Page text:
With Warner’s return as one of Australia’s openers in the coming months looking likely, Harris is in competition with at least three others for the remaining spot at the top of the innings- Aaron Finch, Cameron Bancroft, and to a lesser extent Matthew Renshaw. That spot could very nearly be Harris’ for the taking if he can just get himself consistently past the 30 marks. It will be interesting to see how Harris performs in the coming tests against India and also the series against Sri Lanka also approaching.
Another player given an opportunity following the sandpaper incident is Peter Handscomb, however even despite good form in the India series his spot in the team may still be in jeopardy.
Handscomb may struggle to keep his spot in the team when captain Steve Smith returns from his ball-tampering suspension, having been the 12th man in the infamous sandpaper match in Cape Town earlier this year. Smith, who was the best batsmen in the world before his suspension according to the official ICC rankings, will certainly be automatically inserted into the team as soon as he has finished serving his ban.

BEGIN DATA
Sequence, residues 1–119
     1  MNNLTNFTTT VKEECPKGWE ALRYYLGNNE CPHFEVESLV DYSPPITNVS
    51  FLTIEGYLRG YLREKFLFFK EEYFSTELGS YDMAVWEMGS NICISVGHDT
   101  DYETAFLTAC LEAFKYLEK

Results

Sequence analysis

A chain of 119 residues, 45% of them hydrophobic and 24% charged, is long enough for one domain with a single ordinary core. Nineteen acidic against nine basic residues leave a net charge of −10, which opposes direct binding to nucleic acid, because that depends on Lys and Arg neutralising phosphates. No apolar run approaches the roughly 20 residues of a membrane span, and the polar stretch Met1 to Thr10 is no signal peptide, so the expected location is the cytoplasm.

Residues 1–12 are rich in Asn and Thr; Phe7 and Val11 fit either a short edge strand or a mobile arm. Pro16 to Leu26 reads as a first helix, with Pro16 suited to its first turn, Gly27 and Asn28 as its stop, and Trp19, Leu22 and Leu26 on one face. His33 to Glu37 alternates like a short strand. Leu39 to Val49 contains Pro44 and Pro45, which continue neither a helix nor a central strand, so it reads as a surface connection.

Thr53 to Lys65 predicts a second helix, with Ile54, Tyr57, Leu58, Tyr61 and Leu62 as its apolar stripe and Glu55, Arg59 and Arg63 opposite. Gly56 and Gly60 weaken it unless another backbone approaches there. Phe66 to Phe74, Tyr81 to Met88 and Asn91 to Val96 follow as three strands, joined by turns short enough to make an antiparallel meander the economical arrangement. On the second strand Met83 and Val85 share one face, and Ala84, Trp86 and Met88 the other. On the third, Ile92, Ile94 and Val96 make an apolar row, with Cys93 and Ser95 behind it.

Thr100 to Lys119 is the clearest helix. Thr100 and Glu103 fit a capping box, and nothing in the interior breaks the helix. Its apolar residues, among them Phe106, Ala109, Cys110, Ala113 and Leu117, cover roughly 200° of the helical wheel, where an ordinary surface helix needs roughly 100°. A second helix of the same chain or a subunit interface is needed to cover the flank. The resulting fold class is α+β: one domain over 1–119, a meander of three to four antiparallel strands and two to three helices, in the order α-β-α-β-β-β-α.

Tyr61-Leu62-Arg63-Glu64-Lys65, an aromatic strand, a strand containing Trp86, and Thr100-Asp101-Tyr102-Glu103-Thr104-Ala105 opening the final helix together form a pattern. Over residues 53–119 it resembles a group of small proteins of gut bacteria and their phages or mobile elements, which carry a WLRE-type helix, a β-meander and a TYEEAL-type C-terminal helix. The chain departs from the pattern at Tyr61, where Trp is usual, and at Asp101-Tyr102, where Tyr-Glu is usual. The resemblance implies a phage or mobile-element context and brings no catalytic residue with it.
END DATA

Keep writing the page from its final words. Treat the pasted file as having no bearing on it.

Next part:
Having made his test debut against South Africa in 2016, Handscomb has struggled to stay in the Australian team since being omitted following the 2nd Ashes test last season. However, his test average is still reasonably solid for a middle-order player, standing at 41.76 across 14 test matches.
Handscomb’s primary competition lies against fellow middle-order batsman Travis Head, who’s all-round ability will likely set him above Handscomb unless he is unable to dominate the Indian and Sri Lankan attacks. Both may even be edged out by Mitch Marsh, who is still likely to make a return to the test team at some point during the summer.
Although he may be nearing the end of his career at 35, now is truly the time in which Shaun Marsh can finally cement his spot in the Australian test team. A nervy starter and extremely inconsistent, Marsh has been constantly in-and-out of the Australian side since making his test debut in 2011 against Sri Lanka.
Marsh averages nearly 50 batting in the middle order, but as a senior player of the team he needs to step up and score runs at number four, a spot which seems perfect for him- not too high up the order but not too far down either especially considering how often he is dismissed in single figures. His average in Australia is 43, significantly higher than his overall test average of 35. With the absence of key players, this is Marsh’s perfect chance to secure himself a place in the Australian side until the end of his career.
After a poor showing in the first innings, Marsh top scored for Australia in the second innings with a gritty 60, form that he needs to continue into the second test in Perth on Friday.